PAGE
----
Human Immunodeficiency Virus (HIV) is a virus that weakens a person’s immune system, destroying important cells that protect the body, leading to a person being susceptible to infections and diseases.
AIDS (Acquired Immune Deficiency Syndrome) is used to describe a condition when a HIV person has a severely damaged immune system, leading to potentially life-threatening illness and infections.
Currently, unfortunately, there is no cure for HIV, but there are effective medications to help most people with HIV to control the virus and live a long and quality healthy life.
Early diagnosis and good control of HIV are important to prevent develop AIDS.
What are the symptoms of HIV infection?
Approximately 2-6 weeks after HIV infection, some people may experience transient, flu-like symptoms.
80% of people who are infected with HIV may experience flu-like symptoms such as:
- Sore throat
- Rashes over the body
- Muscle and joint ache
- Swollen glands
If you have several of these symptoms and you are at risk of HIV infection for the past few weeks, you should get yourself tested for HIV.
The symptoms will eventually disappear, and one may experience no symptoms for years. The HIV virus may silently damage your immune system until much later stage. When the immune system has become severely weakened, you may develop symptoms such as:
- Weight loss
- Night sweat
- Persistent diarrhoea
- Recurrent infections
- Skin rash
- Serious life-threatening illnesses
How is HIV transmitted from one person to another person?
Most cases of HIV are spread by having sex with another person with HIV without the use of a condom. A HIV infected person without symptoms can still transfer the disease to another person. A HIV infected person who is on HIV treatment can significantly reduce the risk of transmission of disease to others.
As mentioned, most people acquire the HIV virus through unprotected vaginal or anal sex.
Although you can get HIV through unprotected oral sex, the risk is lower.
It is riskier if:
- The person giving oral sex has mouth sores, ulcers, broken or bleeding gums
- The person receiving oral sex has recently been infected with HIV and has a lot of virus in their body, or has another STI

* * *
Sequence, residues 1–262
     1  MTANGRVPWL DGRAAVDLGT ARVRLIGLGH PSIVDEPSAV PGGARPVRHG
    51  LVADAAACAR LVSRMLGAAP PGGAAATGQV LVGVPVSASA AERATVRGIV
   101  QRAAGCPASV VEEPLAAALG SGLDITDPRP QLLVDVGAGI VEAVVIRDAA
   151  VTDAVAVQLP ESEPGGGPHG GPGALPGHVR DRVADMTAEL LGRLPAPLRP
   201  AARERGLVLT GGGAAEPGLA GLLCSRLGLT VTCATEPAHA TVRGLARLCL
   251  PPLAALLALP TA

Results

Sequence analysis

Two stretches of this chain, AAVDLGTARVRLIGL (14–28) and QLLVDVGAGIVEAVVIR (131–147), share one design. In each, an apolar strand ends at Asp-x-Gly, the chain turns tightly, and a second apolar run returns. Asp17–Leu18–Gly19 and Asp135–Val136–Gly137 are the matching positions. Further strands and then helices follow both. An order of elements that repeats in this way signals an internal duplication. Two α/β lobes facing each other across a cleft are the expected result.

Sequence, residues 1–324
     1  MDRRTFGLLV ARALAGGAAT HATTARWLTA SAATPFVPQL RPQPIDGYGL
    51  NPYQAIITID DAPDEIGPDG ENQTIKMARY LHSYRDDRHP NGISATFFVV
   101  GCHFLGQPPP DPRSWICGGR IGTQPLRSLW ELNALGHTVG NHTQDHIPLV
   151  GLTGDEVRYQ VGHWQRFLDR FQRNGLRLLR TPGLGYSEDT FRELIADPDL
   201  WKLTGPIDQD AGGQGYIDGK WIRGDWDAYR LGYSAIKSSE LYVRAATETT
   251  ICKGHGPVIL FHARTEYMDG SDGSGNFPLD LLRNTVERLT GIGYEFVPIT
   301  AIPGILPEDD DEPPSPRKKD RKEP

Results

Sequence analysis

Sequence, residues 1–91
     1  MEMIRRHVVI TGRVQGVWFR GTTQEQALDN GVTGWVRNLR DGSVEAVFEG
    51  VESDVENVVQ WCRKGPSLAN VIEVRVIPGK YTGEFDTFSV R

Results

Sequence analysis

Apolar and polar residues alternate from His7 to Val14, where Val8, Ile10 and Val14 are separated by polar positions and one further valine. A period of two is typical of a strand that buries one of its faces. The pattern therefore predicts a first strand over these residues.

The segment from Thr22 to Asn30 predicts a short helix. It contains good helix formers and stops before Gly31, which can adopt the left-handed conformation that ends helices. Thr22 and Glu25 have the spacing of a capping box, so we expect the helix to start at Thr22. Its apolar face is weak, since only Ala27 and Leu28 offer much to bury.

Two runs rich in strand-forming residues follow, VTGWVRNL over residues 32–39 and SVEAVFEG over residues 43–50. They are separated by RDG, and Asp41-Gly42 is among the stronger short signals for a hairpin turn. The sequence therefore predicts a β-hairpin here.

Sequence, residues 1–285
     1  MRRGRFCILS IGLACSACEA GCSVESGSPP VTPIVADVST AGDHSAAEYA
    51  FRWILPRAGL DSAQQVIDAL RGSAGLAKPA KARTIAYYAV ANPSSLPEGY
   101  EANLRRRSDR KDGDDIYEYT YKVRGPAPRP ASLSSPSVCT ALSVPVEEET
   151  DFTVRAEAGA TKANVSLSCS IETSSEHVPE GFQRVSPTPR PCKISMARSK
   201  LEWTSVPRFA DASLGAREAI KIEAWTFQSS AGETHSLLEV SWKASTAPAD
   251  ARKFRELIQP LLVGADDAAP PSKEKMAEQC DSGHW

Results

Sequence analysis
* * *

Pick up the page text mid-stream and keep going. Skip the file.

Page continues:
Other modes of transmission of HIV include:
- Sharing needles in injection drug users
- Mother to baby transmission during delivery or breastfeeding
- Sharing sex toys with someone who is infected with HIV
- Needlestick injury in healthcare workers
- Blood transfusion
Some categories of people are particularly high risk of acquiring HIV, this include:
- Men having unprotected sex with men
- People who have chemsex (the use of chemical drugs to increase the effect or sexual experience)
- People who have unprotected sex with multiple sexual partners
- Women who have unprotected sex with men who have sex with men
- People who have unprotected sex with a person who has lived or travelled in Africa
- People who inject drugs and share needle equipment
- People who have unprotected sex with others who inject drugs or share equipment
- People with another sexually transmitted infection
- People who have received a blood transfusion in Africa, Eastern Europe, countries of previous Soviet Union, Asia, Central and Southern America
HIV virus thrives in blood and some body fluids. To acquire HIV, one of these infected fluid need to get into your bloodstream.
Body fluids that may contain HIV to infect others include:
- Vaginal fluid
- Menstrual blood
- Mucous membrane/ lining of the anus (back passage)
- Breast milk
Interestingly, body fluids such as saliva, sweat, urine do not contain sufficient virus to infect other people. Hence HIV cannot be transmitted through:
- Kissing (Closed-mouth or social kissing)
- Contact with healthy intact skin of an infected person
- Being spit and sneeze on
- Sharing toilet, swimming pool
- Sharing towel
- Sharing cutleries
- Mouth-to-mouth resuscitation
- Animals, Insects, ticks or mosquitoes
How does HIV infect a body?
Once inside the bloodstream, the HIV virus can attach itself to an immune system cell known as CD4 lymphocyte cell. (CD4 lymphocytes protects the body from bacteria, germs and viruses). Once attached to the CD4 lymphocytes, the virus enters the cells, replicate and make thousands of copies of itself. In the midst of this, the viral copies will kill the CD4 lymphocytes. This process continues until eventually, the CD4 lymphocytes cells die, and the number of the cells (CD4 counts) will diminish to a dangerous level where the immune system stops working.
This can take up to 10 years, where an infected person can feel perfectly well.
What is the connection between HIV and other STIs?
Having other STIs are a risk factor of getting and transmitting HIV.
If you are HIV negative but have another STI, you are 3 times likely to acquire HIV if you have unprotected sex with someone with HIV. If the STI causes skin irritation, skin breaks or sores, this will allow HIV virus easier to enter the body during sexual contact. In STIs that does not cause breaks or open wounds in a person, you still have a higher risk of acquiring HIV as STIs can cause body inflammation leading to increase the number of immune cells to be used as target cells for HIV.
If you are HIV positive and have another STI, you are about 3 times likely to transmit HIV through sexual contact. This is because you have increased concentration of HIV in the semen and genital fluid in comparison to an HIV person without STI.
Are lesbians or women who have sex with women at risk of HIV?
Case reports of female-to-female transmission of HIV are sparse. Having said that, vaginal fluid and menstrual blood can contain HIV and exposure to these fluids with vagina or mouth can still possibly spread HIV.